I had mentioned in the last article What keeps you going? that sustaining efforts despite prolonged period of adversity is another story – it is more about Resilience; and then there is Grit. While Resilience means bouncing back stronger after a setback, grit suggests passion and perseverance for long-term goals.
Angela Lee Duckworth is a psychologist (Ph.D.) at the University of Pennsylvania where she is an assistant professor in the psychology department. She studies intangible concepts such as self-control and grit to determine how they might predict both academic and professional success.
This TED talk is about her research on Grit – a better indicator of success than factors such as IQ or family income. In her late 20s, Angela Duckworth left her demanding job as a management consultant at McKinsey to take up another demanding job – to teach maths to seventh graders. During her experiences as a teacher, and later as a part of her Ph.D. research, this is what she discovered –
In all those very different contexts, one characteristic emerged as a significant predictor of success. And it wasn’t social intelligence. It wasn’t good looks, physical health, and it wasn’t IQ. It was grit. Grit is passion and perseverance for very long-term goals.
~ Angela Duckworth
Grit is sheer determination and commitment to yourself to reach your goal, and achieve what you have decided to achieve. As Duckworth asserted after years of research this grit is a better predictor of success more than anything else. This is how she puts it in her TED talk –
Grit is sticking with your future, day in, day out, not just for the week, not just for the month, but for years, and working really hard to make that future a reality. Grit is living life like it’s a marathon, not a sprint.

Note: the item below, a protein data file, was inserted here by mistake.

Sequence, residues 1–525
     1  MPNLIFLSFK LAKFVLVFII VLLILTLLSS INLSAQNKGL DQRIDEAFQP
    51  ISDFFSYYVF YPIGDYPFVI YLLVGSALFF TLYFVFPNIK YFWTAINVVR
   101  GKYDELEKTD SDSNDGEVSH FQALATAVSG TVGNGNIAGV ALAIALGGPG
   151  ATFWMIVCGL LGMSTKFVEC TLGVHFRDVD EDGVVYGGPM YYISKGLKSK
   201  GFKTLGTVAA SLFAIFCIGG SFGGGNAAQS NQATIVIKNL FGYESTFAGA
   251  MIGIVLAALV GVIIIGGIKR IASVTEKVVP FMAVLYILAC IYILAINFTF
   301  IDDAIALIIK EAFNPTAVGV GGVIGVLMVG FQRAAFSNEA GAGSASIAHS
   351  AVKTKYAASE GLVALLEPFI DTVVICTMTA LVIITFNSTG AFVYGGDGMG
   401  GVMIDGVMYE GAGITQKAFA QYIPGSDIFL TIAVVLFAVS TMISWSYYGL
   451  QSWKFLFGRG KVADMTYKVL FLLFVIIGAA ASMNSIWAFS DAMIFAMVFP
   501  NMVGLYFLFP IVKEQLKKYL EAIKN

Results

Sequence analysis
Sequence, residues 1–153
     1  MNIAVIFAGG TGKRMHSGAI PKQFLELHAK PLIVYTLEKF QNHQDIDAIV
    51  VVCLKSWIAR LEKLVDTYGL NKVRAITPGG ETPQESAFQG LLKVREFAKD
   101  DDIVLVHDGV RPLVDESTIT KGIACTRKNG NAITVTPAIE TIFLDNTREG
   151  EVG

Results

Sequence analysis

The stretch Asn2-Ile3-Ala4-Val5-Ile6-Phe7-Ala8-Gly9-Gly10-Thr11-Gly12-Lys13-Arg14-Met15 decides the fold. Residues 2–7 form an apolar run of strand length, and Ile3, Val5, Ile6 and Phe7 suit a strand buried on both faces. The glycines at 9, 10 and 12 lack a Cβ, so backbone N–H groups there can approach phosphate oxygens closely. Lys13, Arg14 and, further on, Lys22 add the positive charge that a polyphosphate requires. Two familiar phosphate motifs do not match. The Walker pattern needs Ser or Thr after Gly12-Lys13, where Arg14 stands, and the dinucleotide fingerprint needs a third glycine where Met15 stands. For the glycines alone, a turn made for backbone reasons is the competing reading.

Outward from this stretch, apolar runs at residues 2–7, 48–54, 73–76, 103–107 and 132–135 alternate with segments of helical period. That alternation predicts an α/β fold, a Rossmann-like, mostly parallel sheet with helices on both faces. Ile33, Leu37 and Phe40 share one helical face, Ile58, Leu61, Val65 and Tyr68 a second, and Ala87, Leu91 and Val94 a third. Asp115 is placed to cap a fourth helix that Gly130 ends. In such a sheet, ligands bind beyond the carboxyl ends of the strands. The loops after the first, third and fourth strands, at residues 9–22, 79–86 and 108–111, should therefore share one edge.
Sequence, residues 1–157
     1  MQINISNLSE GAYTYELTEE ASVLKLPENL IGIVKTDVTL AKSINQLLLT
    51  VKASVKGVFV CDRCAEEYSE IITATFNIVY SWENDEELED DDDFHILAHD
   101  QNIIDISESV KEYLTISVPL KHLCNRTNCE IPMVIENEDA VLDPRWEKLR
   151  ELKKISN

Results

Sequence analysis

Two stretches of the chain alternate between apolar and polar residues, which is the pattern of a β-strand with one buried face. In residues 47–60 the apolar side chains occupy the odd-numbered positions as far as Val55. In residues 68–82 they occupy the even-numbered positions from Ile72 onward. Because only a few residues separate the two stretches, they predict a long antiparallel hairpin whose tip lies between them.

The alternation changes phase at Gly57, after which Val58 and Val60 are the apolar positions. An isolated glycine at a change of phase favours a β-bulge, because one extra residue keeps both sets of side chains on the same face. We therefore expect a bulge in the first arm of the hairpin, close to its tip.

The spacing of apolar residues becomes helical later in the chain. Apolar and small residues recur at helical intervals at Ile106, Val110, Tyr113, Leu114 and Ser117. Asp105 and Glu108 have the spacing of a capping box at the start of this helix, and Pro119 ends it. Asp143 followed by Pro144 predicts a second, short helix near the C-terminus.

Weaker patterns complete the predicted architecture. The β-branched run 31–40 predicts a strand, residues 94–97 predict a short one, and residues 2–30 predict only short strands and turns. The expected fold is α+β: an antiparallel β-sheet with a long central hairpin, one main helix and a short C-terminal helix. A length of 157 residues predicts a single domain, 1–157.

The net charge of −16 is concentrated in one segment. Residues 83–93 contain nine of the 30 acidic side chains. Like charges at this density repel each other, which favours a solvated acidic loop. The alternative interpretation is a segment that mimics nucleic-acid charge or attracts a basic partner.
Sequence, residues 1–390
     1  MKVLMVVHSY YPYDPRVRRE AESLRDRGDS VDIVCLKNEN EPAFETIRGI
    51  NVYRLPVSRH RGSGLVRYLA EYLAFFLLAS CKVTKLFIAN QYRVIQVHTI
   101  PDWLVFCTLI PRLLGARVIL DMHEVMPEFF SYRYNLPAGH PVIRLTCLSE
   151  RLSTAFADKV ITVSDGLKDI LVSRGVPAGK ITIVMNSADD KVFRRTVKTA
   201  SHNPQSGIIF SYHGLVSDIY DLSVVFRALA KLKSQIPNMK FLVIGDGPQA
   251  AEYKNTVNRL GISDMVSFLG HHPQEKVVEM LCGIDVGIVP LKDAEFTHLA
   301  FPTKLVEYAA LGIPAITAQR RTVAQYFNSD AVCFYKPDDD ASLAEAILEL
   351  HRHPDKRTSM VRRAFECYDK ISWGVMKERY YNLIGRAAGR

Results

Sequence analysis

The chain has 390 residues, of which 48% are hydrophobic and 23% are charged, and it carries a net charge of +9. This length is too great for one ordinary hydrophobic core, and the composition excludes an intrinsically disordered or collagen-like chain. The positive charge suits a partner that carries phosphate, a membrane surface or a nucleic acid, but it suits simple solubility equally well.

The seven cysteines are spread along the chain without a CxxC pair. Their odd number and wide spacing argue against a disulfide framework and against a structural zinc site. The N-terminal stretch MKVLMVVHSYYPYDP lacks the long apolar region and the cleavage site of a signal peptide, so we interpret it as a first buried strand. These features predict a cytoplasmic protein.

~ Angela Duckworth
It is interesting to note that grit is not related to talent, in fact somewhat inversely related to measures of talent. Despite having studied it for years and having written a wonderful book Grit: The Power of Passion and Perseverance about it, Duckworth says that we know very little about how actually grit develops. In fact, building grit and resilience is very intriguing study in the contemporary positive psychology. Duckworth mentions that the best idea about building grit is related to growth mindset, proposed by Carol Dweck at Stanford University. Growth mindset is the belief that the ability to learn is not fixed, it can change with individual’s efforts. The growth mindset idea and related book probably needs a post of its own, but in this article I want to focus on what Dr. Duckworth is saying – grit, definitely matters much more than intelligence or any factor when it comes to being successful in the long run.
Do watch her complete video here –
Combined with the last article – What keeps you going?, this is what I am trying to gravitate at – more than ability, background or any such apparently obvious factors, success is lot more about your own grit and resilience. By success, here I am referring to achieving what you want to achieve – it is not necessarily limited to materialistic acquisitions. While the grit is more about your own intrinsic motivation/drive to sustain your efforts for a prolonged period of time on a challenging/difficult task, resilience is more about optimism, continuing your efforts without giving up even when you’re faced with failures, despite adversity when others give up.
When you are walking on your own path, or when you are swimming against the conventional flow, grit and determination are two wonderfully intertwined characteristic traits that would help you to succeed more than anything else!
About the featured image:
The featured image used for this article is a screen-shot of the TED talk by Angela Duckworth.
One thought on “Grit – why it matters more?”
This is an interesting & related discussion with Adam Grant, organizational psychologist, author and top-rated professor at Wharton.
This is about his failures, grit and growth mindset. This is what Mr. Grant says –
I talk about how uncomfortable I was cold calling, being an introvert and being relatively shy. I talk about how I knew nothing about travel—I’d never left the U.S. except to go to Canada (which my students tell me doesn’t count). I remember calling home and telling my mom that I was going to quit, and she said, “I didn’t raise my son to be a quitter! You work at that job until they fire you!”
It’s very much a growth mindset story—a story about learning some degree of grit, and relationship building, and then becoming relatively decent at the job.
Read the complete discussion here: https://heleo.com/conversation-whartons-top-professor-on-how-to-power-through-failure/17307/